Why Synthetic Supplements Are Terrible And Whole Food Supplements Are Way Better

vitamins and pills

Multinutritional vitamins really aren't that good for you.

Taking your vitamins has been a staple of the American routine for decades, but its benefits are a chimera.

Contrary to popular opinion, most vitamins provide very little health benefits and are often harmful.

When it comes to choosing a supplement, there’s a critical distinction you need to make:

Synthetic nutrients vs. whole food nutrients.

It makes all the difference in the world.

Why Synthetic Vitamins Are Bad For You

Synthetic vitamins and supplements are made possible by isolating some compound in nature that’s proven to be beneficial, creating a manufacturing process that pumps up its production, and then mass producing it and putting it in bottles.

For most people taking these types of supplements is not useful.

Why?

  • Nutrients work synergistically with hundreds of other compounds to create observed health effects
  • Many compounds have different forms in nature, and typically only a very few can actually be used by your body.
  • The proportion of different nutrients is often just as important the gross amount your body receives

The last point is important to consider. The key principal to modern toxicology is that dosage is everything. And your body is typically very good at making due with very little, and nutritional excesses of a particular nutrient can cause imbalances that are just as egregious as not having enough.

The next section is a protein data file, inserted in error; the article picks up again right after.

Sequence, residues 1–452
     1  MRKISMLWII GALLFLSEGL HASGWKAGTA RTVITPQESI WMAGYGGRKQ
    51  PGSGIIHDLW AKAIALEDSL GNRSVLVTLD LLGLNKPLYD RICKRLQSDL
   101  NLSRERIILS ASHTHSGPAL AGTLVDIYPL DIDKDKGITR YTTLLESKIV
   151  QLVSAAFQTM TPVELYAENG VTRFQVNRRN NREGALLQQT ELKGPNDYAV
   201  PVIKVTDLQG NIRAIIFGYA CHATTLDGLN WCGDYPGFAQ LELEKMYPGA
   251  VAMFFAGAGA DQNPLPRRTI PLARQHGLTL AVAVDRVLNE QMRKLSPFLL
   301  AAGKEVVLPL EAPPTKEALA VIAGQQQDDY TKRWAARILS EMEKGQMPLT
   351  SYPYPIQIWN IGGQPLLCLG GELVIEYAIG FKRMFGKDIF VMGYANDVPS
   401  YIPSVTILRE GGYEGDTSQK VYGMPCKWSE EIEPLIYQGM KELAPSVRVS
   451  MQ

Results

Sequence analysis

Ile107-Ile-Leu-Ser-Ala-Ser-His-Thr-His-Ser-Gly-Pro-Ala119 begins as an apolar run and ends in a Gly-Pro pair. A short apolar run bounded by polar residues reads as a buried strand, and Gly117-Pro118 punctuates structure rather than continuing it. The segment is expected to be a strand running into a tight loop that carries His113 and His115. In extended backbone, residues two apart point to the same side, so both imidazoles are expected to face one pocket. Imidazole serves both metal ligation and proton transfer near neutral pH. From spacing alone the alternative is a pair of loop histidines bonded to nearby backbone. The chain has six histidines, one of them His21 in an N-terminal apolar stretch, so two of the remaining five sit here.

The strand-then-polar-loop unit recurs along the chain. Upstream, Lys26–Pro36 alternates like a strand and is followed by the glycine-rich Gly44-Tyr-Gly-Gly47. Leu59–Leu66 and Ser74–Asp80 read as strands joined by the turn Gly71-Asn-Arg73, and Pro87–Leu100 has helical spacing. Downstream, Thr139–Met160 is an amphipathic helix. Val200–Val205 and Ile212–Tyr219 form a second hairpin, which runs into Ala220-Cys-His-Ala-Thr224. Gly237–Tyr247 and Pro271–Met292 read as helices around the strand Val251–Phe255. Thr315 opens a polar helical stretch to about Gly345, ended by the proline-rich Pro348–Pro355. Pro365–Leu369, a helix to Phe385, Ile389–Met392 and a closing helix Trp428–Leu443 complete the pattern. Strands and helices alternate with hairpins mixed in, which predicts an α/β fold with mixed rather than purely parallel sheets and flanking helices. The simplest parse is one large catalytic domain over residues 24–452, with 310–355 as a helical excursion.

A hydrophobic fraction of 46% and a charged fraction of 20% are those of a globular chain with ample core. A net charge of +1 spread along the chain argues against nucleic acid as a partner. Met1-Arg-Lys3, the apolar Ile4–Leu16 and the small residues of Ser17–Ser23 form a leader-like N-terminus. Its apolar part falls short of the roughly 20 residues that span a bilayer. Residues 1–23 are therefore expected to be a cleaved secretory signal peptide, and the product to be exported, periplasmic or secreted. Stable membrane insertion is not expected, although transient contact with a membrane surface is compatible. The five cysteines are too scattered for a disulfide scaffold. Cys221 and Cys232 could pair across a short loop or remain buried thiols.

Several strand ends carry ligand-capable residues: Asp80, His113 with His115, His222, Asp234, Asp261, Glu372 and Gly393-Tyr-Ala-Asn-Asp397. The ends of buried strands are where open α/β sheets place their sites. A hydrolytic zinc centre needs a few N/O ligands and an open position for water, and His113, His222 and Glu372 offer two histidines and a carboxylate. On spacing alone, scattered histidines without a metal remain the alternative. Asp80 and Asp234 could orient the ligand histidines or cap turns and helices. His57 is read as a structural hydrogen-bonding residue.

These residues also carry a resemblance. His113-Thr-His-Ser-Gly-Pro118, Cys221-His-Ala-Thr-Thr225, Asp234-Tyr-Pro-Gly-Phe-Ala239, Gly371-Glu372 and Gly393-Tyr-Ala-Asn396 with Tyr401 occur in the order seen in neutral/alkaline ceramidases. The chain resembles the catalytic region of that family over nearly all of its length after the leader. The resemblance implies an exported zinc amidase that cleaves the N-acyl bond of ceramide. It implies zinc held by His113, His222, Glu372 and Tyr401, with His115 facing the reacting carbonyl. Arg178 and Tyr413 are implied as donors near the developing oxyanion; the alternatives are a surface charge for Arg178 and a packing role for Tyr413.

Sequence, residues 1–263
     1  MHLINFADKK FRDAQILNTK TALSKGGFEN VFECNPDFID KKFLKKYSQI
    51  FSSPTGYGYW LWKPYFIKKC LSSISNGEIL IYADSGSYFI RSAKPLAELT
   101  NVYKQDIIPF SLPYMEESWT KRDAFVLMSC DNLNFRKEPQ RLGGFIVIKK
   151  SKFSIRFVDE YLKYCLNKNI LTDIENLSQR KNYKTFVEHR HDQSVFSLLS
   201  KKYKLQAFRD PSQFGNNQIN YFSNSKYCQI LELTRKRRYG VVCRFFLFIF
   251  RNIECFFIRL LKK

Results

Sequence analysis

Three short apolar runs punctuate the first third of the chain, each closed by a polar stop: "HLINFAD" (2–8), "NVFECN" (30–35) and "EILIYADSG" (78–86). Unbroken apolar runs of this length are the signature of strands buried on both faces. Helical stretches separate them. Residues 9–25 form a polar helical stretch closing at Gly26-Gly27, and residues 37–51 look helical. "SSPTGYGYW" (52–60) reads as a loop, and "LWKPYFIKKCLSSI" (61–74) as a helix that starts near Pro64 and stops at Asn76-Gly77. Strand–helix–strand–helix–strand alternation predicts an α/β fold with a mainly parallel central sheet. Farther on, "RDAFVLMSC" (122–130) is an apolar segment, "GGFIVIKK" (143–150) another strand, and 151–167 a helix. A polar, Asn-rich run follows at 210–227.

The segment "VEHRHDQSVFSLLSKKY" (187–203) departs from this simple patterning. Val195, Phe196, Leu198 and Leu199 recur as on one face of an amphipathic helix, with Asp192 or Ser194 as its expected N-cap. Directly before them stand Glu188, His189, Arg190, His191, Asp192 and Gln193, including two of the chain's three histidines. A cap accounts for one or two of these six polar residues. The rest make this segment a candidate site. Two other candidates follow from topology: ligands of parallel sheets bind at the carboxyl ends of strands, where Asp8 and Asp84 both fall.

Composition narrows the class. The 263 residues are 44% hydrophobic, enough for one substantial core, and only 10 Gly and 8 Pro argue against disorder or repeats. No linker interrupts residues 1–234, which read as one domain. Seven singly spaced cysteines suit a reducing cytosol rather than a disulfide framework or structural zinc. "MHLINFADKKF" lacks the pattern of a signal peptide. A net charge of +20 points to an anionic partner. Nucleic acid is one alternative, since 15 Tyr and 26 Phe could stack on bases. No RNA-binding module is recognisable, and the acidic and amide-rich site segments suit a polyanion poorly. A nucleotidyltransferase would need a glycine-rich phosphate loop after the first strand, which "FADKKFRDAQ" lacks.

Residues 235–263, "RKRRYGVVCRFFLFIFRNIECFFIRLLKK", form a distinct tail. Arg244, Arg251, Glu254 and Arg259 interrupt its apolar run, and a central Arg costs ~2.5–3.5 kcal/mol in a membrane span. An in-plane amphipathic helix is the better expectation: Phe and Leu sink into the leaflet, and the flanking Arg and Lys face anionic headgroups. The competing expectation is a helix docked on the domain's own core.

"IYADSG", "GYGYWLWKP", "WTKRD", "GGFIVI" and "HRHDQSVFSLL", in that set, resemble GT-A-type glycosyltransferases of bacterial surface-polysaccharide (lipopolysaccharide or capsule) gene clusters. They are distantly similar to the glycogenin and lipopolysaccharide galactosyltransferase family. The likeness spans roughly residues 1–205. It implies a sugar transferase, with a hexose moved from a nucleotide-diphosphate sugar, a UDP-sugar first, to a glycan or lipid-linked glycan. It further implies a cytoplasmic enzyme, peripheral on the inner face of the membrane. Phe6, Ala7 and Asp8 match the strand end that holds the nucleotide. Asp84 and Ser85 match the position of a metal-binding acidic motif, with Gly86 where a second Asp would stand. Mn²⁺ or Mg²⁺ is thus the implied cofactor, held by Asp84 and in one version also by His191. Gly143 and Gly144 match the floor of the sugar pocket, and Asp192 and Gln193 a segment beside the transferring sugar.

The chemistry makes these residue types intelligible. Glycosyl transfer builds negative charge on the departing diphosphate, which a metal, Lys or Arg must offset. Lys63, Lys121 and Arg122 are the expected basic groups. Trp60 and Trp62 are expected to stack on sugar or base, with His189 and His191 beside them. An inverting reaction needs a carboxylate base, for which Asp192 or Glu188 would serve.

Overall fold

Evidence That Vitamins Are Bad For You

In developed countries there are quite a few longitudional studies that have shown little to no observed health benefit from taking synthetic nutrients.

The most damning study was published in The Lancet in October 2004. It reviewed the existing field of literature linking synthetic vitamins and supplements to incidence rates for cancer, and found that in total, synthetic nutrients slightly increased your chances of developing lifestyle diseases.

And there’s a lot more than that.

Excessive iron has consistently been linked to mitochondrial malfunction, vitamin E to coronary diseases and bone loss, and folic acid to increased cholesterol and heart attacks.

There’s more if you look for it.

The Importance of Nutrient Balance

To understand why excessive nutrients are bad for you, think of your body as a symphony. Every component needs to be just right. Nothing more. Nothing less.

A squawking tuba player is just as damaging to the overall sound of the band as the complete absence of a woodwind section. It works the same way in your body.

For example, take a nutrient like beta-carotene. We all know that beta-carotene is good for us. However, what many people don’t know is that it’s just one of about 600 different compounds that are classified as carotenoids. Your body has receptors and metabolic mechanisms that can be sensitive to all of them. If you flood your body with beta-carotene it overwhelms your cellular receptors and makes them incapable of metabolizing other complimentary nutrients that it needs to put beta-carotene to good use.